Iowa State Cyclones

Tyrese Haliburton reinjures wrist in Iowa State's win over Kansas State

Cyclones able to close out 73-63 win despite star missing final 13 minutes

Iowa State guard Tyrese Haliburton (22) walks off the court following a win over Kansas State at Hilton Coliseum in Ames
Iowa State guard Tyrese Haliburton (22) walks off the court following a win over Kansas State at Hilton Coliseum in Ames on Saturday, Feb. 8, 2020. (Matthew Putney/Associated Press)

AMES — All of Steve Prohm’s stress melted off his face at once when junior guard Terrence Lewis hit a corner 3 with 1:29 left in Saturday’s game.

The shot put Iowa State up 67-57 against Kansas State. After some obligatory fouling from the Wildcats, Iowa State sealed a 73-63 win at Hilton Coliseum.

It’s easy to understand why Prohm was stressed.

His team led by as many as 21 points in the first half and Kansas State (9-14, 2-8) cut the lead to four with 7:57 left in the second half before Iowa State (10-13, 3-7) closed the game out.

But, maybe more impactful to Prohm’s stress, his star point guard and projected future NBA lottery pick Tyrese Haliburton landed on his already-injured left wrist after blocking a shot with 54 seconds left in the first half.

Haliburton immediately went to the locker room.

The sophomore did start the second half but dribbled, passed and caught the ball with his right hand, almost exclusively. He played until the 13:46 mark before he asked Prohm to take him out of the game.

“He asked to come out so I knew something had to be wrong with him,” Prohm said. “At halftime he wanted to give it a go but he was limited with his left hand and he needed to get out.

“I probably won’t know anything official until Monday but he is hurt right now. We need to monitor it and see where we go from here.”

ARTICLE CONTINUES BELOW ADVERTISEMENT

In his six minutes and 14 seconds in the second half, Haliburton recorded just one assist. In the first half before his injury, he had nine points and two assists.

It’s admirable that Haliburton tried to play through the obvious pain — especially considering he’s projected by some as a top-10 NBA draft pick and it’d be easy for him to protect himself.

“He wanted to play the day after he originally got the injury before the Florida A&M game,” Prohm said of Haliburton’s competitive drive. “He was mad at me because I told him it wasn’t the best thing for him. When I say mad, not like mad at me but mad at the situation.

“He’s an awesome representative of our school. He was leading the cheers on the sideline and I thought that was really, really cool.”

It was after Haliburton left the game when Kansas State made its run.

“It’s a big difference without Tyrese because he usually plays 40 minutes a game,” Iowa State’s Solomon Young said. “But other guys had to step up and they did.”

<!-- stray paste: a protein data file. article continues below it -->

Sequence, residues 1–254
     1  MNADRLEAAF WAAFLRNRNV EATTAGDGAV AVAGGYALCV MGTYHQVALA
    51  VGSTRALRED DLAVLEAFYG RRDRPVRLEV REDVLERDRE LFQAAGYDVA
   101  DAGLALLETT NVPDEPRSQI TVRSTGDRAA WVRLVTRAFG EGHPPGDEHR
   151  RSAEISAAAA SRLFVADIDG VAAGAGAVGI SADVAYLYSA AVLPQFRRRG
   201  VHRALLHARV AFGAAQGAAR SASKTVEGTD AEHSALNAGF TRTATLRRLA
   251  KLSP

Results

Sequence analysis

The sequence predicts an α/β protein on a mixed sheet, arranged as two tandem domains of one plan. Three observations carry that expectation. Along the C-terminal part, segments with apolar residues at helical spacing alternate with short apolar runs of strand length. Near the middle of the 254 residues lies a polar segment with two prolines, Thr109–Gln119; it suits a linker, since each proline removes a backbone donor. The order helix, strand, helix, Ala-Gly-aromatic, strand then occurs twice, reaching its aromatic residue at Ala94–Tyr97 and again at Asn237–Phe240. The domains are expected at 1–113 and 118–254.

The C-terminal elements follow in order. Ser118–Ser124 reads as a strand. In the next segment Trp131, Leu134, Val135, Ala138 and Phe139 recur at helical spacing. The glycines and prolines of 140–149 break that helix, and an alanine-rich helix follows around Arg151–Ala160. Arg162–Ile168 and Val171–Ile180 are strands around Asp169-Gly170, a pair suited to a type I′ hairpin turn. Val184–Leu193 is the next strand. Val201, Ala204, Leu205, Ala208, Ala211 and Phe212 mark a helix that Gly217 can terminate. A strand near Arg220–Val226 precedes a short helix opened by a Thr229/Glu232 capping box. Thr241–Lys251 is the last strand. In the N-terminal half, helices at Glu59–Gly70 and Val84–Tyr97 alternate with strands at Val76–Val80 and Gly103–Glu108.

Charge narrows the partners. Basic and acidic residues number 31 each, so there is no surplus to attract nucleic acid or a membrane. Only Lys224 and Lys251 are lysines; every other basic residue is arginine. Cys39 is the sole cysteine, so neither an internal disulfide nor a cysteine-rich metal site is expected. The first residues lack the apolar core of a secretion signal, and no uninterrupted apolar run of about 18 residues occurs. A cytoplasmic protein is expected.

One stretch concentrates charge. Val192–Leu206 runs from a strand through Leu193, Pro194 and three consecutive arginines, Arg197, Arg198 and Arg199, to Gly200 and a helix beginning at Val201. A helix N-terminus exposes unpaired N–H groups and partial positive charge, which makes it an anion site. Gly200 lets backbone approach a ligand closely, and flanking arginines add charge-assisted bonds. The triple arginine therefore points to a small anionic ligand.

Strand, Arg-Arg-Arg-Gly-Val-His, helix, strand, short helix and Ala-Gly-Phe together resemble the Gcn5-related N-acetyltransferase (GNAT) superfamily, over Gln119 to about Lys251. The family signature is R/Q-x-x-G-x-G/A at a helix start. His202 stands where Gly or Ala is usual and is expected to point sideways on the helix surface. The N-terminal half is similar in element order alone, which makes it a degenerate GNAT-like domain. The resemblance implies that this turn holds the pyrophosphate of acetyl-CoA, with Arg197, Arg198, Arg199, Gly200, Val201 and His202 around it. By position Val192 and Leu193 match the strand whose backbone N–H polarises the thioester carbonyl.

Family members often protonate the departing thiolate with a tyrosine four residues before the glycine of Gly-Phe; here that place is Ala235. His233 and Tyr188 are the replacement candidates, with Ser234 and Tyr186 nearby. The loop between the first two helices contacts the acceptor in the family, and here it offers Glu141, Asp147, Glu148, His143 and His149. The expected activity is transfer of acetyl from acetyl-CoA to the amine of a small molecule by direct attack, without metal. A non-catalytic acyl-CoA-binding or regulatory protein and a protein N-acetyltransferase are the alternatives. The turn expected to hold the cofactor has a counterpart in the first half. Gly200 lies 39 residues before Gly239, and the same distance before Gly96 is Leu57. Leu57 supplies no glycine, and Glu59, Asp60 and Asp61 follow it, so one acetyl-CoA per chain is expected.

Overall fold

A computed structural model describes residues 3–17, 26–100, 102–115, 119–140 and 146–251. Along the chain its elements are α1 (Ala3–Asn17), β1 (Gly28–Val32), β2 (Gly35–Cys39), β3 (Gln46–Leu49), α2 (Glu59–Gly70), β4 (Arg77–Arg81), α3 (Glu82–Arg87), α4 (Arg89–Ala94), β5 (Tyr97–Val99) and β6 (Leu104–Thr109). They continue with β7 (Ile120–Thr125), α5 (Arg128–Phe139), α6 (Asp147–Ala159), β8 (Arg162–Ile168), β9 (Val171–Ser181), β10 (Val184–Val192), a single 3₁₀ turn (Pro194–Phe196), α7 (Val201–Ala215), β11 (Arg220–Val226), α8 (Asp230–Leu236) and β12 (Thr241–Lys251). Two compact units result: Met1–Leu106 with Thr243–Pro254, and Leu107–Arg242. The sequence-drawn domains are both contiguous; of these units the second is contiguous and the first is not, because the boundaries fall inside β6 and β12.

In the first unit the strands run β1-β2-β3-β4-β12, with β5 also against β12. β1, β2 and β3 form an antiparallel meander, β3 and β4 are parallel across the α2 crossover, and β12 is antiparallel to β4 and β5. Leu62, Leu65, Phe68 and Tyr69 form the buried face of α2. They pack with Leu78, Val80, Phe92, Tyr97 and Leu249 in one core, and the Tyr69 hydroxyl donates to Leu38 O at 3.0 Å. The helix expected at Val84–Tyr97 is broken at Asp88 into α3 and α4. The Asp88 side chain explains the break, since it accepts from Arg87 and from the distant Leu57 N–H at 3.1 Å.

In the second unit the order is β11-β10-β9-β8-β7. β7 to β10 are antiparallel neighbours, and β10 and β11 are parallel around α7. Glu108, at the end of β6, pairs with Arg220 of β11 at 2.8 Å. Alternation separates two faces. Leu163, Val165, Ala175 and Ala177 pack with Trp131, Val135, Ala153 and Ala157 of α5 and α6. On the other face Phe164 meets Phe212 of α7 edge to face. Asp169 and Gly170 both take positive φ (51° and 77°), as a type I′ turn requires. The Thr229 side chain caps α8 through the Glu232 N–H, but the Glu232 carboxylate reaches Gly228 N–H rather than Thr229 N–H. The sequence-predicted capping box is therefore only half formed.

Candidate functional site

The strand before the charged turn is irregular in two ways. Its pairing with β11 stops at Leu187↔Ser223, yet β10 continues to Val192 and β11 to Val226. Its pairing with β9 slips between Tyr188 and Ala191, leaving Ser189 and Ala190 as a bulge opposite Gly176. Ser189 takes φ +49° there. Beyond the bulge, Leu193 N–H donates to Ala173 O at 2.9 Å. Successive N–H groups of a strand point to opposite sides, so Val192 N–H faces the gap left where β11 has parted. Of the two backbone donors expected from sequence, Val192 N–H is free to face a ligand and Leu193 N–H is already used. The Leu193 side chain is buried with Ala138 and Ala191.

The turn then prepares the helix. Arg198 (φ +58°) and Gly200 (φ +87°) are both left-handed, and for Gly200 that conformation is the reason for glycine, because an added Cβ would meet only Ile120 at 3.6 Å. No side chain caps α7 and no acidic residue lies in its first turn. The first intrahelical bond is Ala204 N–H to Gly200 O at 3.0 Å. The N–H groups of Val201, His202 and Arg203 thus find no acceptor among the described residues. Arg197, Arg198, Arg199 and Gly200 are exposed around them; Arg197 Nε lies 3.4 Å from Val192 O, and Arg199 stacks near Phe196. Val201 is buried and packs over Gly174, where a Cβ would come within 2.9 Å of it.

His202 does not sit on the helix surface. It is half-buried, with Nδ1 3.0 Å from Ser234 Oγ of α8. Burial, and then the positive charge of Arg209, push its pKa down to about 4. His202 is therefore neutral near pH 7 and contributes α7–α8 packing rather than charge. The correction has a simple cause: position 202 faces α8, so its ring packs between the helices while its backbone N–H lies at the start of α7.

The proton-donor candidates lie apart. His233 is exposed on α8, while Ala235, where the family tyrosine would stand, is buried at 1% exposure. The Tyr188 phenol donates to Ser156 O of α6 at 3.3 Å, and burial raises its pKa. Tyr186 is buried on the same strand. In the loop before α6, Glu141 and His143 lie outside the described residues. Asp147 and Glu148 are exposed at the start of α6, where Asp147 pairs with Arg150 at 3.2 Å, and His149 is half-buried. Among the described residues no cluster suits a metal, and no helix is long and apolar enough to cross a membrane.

The two players who stepped up the most were Lewis and Prentiss Nixon, two players who usually don’t see a lot of playing time in late-game situations.

“We figured out a way to close the game and I was proud of those guys,” Prohm said. “The guys stepped up and we toughened up on the defensive end.”

Lewis finished with 12 points on 4-of-5 shooting and Nixon finished with nine points and three assists.

During one stretch in the second half, Nixon and Lewis had 17 of 18 points for Iowa State.

ARTICLE CONTINUES BELOW ADVERTISEMENT

The rock for Iowa State throughout the game was Young. The junior big man had 11 of Iowa State’s first 14 points. He finished with 20 points, three rebounds, four steals and two blocks.

“I thought this was a game we could throw it inside,” Prohm said. “Solomon ran the floor well. When we play teams where we can really throw the ball inside, then we need to do it. This was a game we thought we could. He had 20 tonight and 27 against Oklahoma State. He was efficient tonight. He was 7-for-9 from the field and 6-for-7 from the free throw line.”

While Iowa State closed this game out, Haliburton’s uncertain future poses a problem for the Cyclones.

“Obviously he has some things to deal with health-wise,” Prohm said. “We need him and he’s a big part of this team but if we do need to sit him out, then the next man has to step up and we have to be ready to roll.”

l Comments: benv43@gmail.com

Give us feedback

We value your trust and work hard to provide fair, accurate coverage. If you have found an error or omission in our reporting, tell us here.

Or if you have a story idea we should look into? Tell us here.

Give us feedback

We value your trust and work hard to provide fair, accurate coverage. If you have found an error or omission in our reporting, tell us here.

Or if you have a story idea we should look into? Tell us here.